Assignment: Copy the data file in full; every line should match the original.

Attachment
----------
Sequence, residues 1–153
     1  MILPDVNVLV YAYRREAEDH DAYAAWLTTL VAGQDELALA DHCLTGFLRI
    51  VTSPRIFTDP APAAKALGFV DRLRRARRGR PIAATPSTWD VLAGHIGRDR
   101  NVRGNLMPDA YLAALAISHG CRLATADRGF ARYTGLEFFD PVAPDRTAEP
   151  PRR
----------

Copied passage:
Sequence, residues 1–153
     1  MILPDVNVLV YAYRREAEDH DAYAAWLTTL VAGQDELALA DHCLTGFLRI
    51  VTSPRIFTDP APAAKALGFV DRLRRARRGR PIAATPSTWD VLAGHIGRDR
   101  NVRGNLMPDA YLAALAISHG CRLATADRGF ARYTGLEFFD PVAPDRTAEP
   151  PRR